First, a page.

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As expected, Chevron Corporation (NYSE:CVX) returned to a net profit in the second quarter, driven by lower expenses and higher production, but the earnings per share of US$0.77 fell short of the analyst consensus estimate of US$0.86.
The consensus estimate was for US$1.06 per-share earnings three months ago, but has been lowered since then, as the oil price weakness and pessimism swept over the oil market.
Still, Chevron raised sales and other operating revenues in Q2 2017 to US$33 billion, from US$28 billion in same period last year. Production also increased, with worldwide net oil-equivalent production at 2.78 million barrels per day in Q2 2017, compared with 2.53 million bpd a year ago. Production growth was mostly due to output from major capital projects, base business, and shale and tight properties, as well as to lower maintenance-related downtime, Chevron said.
In the U.S. upstream, net oil-equivalent production of 701,000 bpd in the second quarter of 2017 was 19,000 bpd higher than the same period last year, due to production increases in the Permian, base business, and the Jack/St. Malo major capital project. Chevron’s U.S. upstream operations booked a loss of US$102 million, compared with a loss of US$1.11 billion a year earlier. The substantially decreased loss reflected lower impairment charges, higher crude oil and natural gas realizations, higher gains on asset sales, and lower operating expenses.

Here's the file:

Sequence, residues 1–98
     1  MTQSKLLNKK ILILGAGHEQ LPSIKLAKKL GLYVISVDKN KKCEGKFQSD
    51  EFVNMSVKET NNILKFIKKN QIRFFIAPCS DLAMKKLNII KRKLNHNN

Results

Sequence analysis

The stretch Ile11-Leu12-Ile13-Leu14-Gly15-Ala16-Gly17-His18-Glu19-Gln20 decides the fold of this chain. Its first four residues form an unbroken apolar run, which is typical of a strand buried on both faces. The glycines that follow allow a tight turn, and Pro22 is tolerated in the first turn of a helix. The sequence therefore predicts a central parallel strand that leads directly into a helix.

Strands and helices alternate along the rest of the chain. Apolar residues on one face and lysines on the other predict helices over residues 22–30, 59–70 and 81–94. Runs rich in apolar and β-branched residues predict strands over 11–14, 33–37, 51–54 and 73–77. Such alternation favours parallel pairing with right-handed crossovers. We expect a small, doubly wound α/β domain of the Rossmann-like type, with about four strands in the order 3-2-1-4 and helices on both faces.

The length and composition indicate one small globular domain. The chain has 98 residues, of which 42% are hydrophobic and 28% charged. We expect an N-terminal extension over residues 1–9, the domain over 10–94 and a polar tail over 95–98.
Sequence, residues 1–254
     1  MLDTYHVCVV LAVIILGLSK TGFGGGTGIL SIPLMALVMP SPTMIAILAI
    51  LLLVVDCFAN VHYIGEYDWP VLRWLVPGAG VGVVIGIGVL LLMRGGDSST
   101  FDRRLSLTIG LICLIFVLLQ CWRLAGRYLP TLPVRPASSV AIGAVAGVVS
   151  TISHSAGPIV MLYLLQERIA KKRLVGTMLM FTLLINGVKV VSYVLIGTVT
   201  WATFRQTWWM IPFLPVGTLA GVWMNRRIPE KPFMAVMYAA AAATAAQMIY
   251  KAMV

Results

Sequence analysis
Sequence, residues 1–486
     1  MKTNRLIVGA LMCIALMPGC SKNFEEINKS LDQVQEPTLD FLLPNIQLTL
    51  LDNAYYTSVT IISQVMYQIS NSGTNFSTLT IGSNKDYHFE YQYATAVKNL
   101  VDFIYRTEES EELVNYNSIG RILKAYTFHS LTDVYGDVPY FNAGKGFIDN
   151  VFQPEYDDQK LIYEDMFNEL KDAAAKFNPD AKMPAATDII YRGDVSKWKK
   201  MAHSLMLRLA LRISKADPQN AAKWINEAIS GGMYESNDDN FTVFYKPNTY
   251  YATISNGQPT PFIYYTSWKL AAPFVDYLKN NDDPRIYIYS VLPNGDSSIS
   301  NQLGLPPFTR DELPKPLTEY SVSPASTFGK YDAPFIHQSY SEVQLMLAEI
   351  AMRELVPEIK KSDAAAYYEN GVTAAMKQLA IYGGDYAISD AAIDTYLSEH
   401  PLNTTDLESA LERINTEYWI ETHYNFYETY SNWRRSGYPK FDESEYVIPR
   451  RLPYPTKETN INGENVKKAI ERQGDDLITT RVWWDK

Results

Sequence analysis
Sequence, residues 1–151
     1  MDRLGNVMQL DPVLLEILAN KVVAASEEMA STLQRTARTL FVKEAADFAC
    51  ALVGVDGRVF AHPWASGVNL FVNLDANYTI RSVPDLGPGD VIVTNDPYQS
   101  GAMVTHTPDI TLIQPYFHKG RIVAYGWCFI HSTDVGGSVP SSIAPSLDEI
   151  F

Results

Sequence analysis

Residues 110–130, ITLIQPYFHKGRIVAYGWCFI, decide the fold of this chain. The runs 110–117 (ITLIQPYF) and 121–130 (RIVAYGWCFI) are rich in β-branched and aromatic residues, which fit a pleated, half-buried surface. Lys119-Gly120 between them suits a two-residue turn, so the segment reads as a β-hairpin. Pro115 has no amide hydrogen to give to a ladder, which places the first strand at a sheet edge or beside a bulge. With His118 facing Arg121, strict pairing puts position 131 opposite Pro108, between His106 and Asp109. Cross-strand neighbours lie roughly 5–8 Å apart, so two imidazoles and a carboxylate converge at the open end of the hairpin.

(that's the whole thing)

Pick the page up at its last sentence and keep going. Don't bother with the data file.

In the downstream segment, U.S. operations lifted earnings to US$634 million from US$537 million a year earlier, mostly thanks to higher margins on refined product sales and lower operating expenses.
Chevron’s cash flow from operations in the first six months of 2017 was US$8.9 billion, surging from US$3.7 billion in the corresponding 2016 period. Capital and exploratory expenditures in the first half of 2017 dropped to US$8.9 billion, from US$12.0 billion in H1 2016.
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“Second quarter results improved substantially from a year ago and year-to-date net cash flow is positive,” Chevron’s Chairman and CEO John Watson said in the press release.
“Operating expenses were down 10 percent and capital spending was down 25 percent in the first six months of the year versus 2016,” Watson noted.
By Tsvetana Paraskova for Oilprice.com
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Tsvetana is a writer for Oilprice.com with over a decade of experience writing for news outlets such as iNVEZZ and SeeNews.